Crews have begun thinning trees on the final 133 acres of a 1,100-acre project near the La Cueva community in the Pecos and Las Vegas Ranger District of the Santa Fe National Forest. This project to create a shaded fuel break in a vulnerable area was approved in 2005 based on input from the community and analysis under the National Environmental Policy Act.

Today, 12 years later, Block E near N.M. 50 and County Road 63-A is the last area to be treated under the La Cueva Fuel Break project. Our state partners at the New Mexico State Forestry Division are assisting with implementation as part of their mission to protect private property from catastrophic wildfire and promote healthy, sustainable forests and watersheds for the benefit of all New Mexicans.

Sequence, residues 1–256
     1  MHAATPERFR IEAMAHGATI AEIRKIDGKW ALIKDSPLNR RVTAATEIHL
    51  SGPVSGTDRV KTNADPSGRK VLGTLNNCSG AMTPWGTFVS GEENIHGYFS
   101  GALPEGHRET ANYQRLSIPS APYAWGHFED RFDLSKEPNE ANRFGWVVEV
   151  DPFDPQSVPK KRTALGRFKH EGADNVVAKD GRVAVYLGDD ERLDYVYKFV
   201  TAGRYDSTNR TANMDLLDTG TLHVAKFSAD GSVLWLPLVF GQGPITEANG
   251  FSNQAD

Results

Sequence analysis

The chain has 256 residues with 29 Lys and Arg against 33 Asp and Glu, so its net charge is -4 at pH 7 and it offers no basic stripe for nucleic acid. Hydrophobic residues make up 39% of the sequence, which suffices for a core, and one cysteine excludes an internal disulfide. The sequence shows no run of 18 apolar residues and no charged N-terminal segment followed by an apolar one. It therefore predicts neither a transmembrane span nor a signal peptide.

The La Cueva project uses a science-based framework to reduce the density of the forest to its historic (i.e., prior to human impacts) level. The outcome — which has been demonstrated over and over again on projects across the Southwest — will be improved plant and animal habitats, healthier trees that can better withstand insects, disease and climate change, and, most importantly, a reduced risk of large-scale, high-intensity wildfire spreading to or from La Cueva, Dalton Canyon and the Santa Fe Municipal Watershed.